Whatever banalities the Soviet composer may have committed in his more "public" works, in the string quartets (and some of the other chamber music) he laid his heart bare, and usually brought forth much more than raw feeling.
In this two-disc set, the Pacifica Quartet marks the third volume of its "Soviet Experience" series on Cedille Records. This is a powerful follow-up to its predecessors, and is especially notable for the restraint and control evident as the quartet renders the composer's more mysterious inspirations.
That side of Shostakovich, which sometimes seems to show up as an illusory calm that is more wish-fulfillment than settling in, is represented by this particular set. Especially telling is the Pacifica's performance of Quartet no. 11 in F minor, op. 122, a setting of seven rough-cut jewels, close neighbors on a compact (less than 18 minutes) cushion of superlative string-quartet playing.
The tentative but promising introductory first movement gives way to an exhibition of guarded humor in the Scherzo, dashed by the explosive opening of "Recitative-Adagio," the third movement. In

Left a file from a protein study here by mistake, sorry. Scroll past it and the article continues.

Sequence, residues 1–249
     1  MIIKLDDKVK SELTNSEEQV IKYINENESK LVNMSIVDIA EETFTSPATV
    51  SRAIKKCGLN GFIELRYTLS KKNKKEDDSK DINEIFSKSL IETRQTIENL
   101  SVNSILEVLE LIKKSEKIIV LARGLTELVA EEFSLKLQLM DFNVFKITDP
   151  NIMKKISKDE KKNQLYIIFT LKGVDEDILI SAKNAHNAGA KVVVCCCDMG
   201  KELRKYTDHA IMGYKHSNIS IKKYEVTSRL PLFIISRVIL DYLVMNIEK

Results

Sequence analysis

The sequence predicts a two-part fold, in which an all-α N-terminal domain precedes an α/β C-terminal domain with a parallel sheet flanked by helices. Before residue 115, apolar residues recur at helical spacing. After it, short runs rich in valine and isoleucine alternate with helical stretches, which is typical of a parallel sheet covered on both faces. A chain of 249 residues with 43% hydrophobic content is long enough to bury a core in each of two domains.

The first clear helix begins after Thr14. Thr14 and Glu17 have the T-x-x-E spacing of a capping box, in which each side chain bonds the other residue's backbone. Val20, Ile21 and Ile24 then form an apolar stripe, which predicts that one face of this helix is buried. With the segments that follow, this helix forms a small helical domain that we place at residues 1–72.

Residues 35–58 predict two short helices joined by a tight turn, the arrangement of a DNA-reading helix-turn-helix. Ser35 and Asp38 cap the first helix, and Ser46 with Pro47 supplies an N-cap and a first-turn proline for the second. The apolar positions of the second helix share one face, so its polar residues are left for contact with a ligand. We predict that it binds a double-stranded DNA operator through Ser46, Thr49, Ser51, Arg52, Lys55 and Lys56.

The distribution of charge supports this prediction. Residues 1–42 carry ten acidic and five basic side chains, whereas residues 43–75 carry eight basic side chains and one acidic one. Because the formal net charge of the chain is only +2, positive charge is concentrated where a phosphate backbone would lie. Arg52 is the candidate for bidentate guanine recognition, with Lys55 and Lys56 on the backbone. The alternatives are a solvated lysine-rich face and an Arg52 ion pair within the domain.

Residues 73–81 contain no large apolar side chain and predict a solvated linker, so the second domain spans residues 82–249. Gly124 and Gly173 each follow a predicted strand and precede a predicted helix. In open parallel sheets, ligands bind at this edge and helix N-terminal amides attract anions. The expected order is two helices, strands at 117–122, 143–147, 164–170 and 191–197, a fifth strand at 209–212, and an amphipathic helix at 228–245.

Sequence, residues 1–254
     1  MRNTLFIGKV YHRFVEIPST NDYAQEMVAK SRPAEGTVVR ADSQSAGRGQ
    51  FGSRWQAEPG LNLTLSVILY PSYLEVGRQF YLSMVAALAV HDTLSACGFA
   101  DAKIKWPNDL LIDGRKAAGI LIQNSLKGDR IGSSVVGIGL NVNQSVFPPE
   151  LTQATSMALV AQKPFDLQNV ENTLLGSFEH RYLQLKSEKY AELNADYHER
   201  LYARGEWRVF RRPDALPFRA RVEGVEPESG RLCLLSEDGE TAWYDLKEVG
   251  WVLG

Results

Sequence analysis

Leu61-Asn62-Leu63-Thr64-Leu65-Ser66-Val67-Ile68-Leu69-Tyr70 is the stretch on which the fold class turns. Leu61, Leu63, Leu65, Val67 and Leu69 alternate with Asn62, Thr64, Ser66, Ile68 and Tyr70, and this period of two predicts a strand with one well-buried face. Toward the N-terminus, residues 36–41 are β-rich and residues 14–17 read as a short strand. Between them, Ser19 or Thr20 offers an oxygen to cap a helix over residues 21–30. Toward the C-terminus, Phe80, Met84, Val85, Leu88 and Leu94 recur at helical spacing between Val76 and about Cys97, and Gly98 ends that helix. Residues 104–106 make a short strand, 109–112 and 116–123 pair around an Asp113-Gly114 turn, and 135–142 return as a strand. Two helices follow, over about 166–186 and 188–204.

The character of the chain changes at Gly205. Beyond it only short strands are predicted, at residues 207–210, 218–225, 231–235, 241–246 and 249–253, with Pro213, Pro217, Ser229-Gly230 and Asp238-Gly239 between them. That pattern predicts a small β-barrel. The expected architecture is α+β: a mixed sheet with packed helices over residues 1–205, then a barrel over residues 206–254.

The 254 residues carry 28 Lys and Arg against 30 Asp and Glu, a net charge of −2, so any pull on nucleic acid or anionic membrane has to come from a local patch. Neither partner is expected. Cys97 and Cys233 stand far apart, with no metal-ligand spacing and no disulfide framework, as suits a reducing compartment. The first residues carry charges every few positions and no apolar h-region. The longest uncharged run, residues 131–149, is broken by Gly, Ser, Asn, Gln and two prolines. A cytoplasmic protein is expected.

the fourth, we hear some of the uncanny unity the Pacifica can draw out of disparate material — racing versus stately — overlaid skillfully.
|The Pacifica Quartet is in residence at IU.|
Violinists Simin Ganatra and Sibbi Bernhardsson, violist Masumi Per Rostad and cellist Brandon Vamos, now fortunately in residence at Indiana University's Jacobs School of Music, make a substantial case for the centrality of these works. They don't emphasize the vulnerability so characteristic of Shostakovich, which can also be an appealing tack (see the Fitzwilliam Quartet's recordings of a couple of decades back, for instance). But there is an admirably wider expressive palette in this music, to which the Pacifica gives full measure.
Also on this disc are three Shostakovich quartets that don't deserve to be given short shrift. But I would call special attention to the contrast of furious energy and profound near-stasis in the middle movements of Quartet No. 10 in A-flat, op. 118.
The only relatively flawed piece is the bottom-heavy Quartet No. 12 in D-flat, op. 133, a two-movement form resting on a huge concluding Allegretto. The Pacifica finds sufficient variety in it, but can't quite salvage the work as justifying such an uninterrupted, overstuffed valise of a finale.
The second disc is filled out with a forceful, self-confident composition that belies its composer's difficult life in the Soviet Union: Mieczyslaw Weinberg's String Quartet No. 6 in E minor, op. 35. Though the work (not to mention the composer) was previously unknown to me, the Pacifica's performance of it here argues for its consideration for a foothold in the standard 20th-century string-quartet repertoire.